USD/CAD - Canadian Dollar retreats on renewed risk aversion

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The Canadian dollar retraced all of this week’s gains yesterday and then extended the move in overnight markets. It was not alone. On Tuesday, FX traders scrambled to buy U.S. dollars on concerns that President Trump and Chinese President Xi Jinping had differing views about the conclusions from the trade talks in Argentina. The White House statement provided details that were not included in the official China statement.

Trump tweeted that China would remove tariffs on U.S. cars. China did not mention anything about U.S. automobiles. Markets concluded that the trade talks results were more than few french fries short of a Happy Meal, especially Wall Street. Monday’s equity market gains evaporated on Tuesday, and the major indices closed with nasty losses. Earlier today, the China Ministry of Commerce confirmed that they agreed to a 90-day trade war truce after announcing some action on Fentanyl exports.

FX markets did not react to the news.

The Wall Street meltdown did not go unnoticed by FX markets. The U.S. dollar surged led by plunging commodity bloc currencies. Renewed fears of a protracted China/U.S. trade war knocked AUD/USD off a lofty perch and sent it tumbling. NZD/USD followed suit, albeit less
dramatically.

The Canadian dollar got hammered. The currency was probing support levels (USDCAD $1.3160) before the selloff. It sank steadily throughout the day and continued to do so in overnight trading, with USD/CAD touching 1.3293 before easing off.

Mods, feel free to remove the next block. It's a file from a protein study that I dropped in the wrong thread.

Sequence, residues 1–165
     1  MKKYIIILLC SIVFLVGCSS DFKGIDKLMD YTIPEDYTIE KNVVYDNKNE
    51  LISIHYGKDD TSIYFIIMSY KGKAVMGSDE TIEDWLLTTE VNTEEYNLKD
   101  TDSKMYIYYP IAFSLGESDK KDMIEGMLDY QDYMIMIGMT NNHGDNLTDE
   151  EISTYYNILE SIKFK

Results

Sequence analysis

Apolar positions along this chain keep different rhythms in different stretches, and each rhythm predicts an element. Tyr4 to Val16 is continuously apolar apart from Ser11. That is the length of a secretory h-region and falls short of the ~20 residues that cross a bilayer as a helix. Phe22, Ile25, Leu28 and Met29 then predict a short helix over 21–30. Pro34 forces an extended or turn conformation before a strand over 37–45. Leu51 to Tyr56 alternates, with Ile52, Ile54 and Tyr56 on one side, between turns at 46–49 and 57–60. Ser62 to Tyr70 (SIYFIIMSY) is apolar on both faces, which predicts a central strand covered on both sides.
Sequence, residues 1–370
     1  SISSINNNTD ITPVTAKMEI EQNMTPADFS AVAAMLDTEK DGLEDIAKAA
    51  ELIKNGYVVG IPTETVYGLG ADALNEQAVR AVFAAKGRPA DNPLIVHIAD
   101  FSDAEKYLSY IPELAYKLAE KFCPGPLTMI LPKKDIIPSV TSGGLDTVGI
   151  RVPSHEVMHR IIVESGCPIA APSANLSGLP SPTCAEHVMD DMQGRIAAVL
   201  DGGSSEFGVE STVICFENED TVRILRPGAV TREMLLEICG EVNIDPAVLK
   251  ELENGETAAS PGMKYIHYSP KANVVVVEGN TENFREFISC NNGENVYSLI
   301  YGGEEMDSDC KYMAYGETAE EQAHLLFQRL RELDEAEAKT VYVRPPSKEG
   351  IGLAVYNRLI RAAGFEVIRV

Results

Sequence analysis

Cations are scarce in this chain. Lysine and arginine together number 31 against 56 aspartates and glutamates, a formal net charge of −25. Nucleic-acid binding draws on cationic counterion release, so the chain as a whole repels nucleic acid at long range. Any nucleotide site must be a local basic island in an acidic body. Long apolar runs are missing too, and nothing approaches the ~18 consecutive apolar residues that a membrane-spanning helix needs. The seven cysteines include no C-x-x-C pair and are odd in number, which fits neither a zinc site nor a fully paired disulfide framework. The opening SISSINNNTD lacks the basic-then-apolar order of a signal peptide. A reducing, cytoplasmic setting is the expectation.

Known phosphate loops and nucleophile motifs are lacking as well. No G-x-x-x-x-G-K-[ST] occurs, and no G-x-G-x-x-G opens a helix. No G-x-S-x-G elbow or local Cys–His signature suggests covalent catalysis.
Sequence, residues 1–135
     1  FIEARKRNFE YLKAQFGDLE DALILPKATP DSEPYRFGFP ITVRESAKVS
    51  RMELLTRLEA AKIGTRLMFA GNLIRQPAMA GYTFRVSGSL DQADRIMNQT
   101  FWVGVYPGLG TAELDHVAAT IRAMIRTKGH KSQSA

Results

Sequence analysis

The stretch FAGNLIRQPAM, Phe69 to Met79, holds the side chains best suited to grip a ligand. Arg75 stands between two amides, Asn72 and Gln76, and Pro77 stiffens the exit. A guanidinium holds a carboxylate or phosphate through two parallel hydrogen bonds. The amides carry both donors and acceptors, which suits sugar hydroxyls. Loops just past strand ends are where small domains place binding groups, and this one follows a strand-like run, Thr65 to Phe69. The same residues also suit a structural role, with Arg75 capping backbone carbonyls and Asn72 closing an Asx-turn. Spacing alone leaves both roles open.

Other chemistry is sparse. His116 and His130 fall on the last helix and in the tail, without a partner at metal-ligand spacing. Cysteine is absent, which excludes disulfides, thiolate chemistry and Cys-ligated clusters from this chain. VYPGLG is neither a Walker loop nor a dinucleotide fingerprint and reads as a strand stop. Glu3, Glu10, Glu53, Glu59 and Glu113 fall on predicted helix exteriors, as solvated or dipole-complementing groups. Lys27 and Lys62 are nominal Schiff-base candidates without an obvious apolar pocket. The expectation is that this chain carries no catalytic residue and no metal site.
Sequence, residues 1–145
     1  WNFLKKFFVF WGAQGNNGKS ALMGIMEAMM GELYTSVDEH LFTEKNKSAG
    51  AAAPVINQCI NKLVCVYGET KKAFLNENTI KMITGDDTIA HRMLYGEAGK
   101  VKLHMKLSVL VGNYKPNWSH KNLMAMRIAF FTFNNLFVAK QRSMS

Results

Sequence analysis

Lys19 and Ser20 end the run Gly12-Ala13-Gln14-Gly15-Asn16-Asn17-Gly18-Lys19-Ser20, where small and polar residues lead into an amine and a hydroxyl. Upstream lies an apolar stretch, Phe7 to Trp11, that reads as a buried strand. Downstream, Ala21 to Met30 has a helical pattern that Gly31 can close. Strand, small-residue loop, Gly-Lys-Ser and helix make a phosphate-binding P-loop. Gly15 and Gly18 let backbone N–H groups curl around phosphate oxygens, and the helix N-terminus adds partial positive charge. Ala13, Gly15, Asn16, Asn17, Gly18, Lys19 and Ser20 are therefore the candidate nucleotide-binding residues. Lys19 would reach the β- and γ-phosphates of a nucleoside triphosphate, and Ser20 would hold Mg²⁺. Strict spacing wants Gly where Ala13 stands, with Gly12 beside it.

Many external factors are influencing the Canadian dollar. Oil prices have fallen dramatically in the past few months, and those losses managed to put a floor on Canadian dollar gains. The Organization of Petroleum Exporting Countries (OPEC) is meeting for its 175th meeting in Vienna on Thursday. There are reports that Saudi Arabia is urging cartel members and Russia to agree to a further 1.3 million barrel per day production cut. The Cartel is attempting to shore up prices in the face of rising US crude production, and inventories in an environment where global consumption may decrease.

Russia (a non-OPEC nation) is reportedly balking at the size of the cuts expected from them. Iran says it will not consider any production moves while under sanctions and Qatar plans to leave the cartel in January. Alberta announced oil production cuts of 325,000 barrels/day, but that was due to storage issues from overproduction.

The Canadian dollar is also suffering from concerns that the Bank of Canada (BoC)could issue a slightly dovish policy statement this morning. They are widely expected to leave the overnight rate unchanged. However, traders are concerned that the weaker than expected September Gross Domestic Product data and the steep drop in oil prices since the last meeting, will lead the BoC to err on the side of
caution.

There are no U.S. or Canadian economic reports due today. Wall Street and U.S. Government offices are closed for a national day of mourning, to honour former President George H.W. Bush.


Rahim Madhavji is the President of KnightsbridgeFX.com, a Canadian currency exchange that provides better rates than the banks to Canadians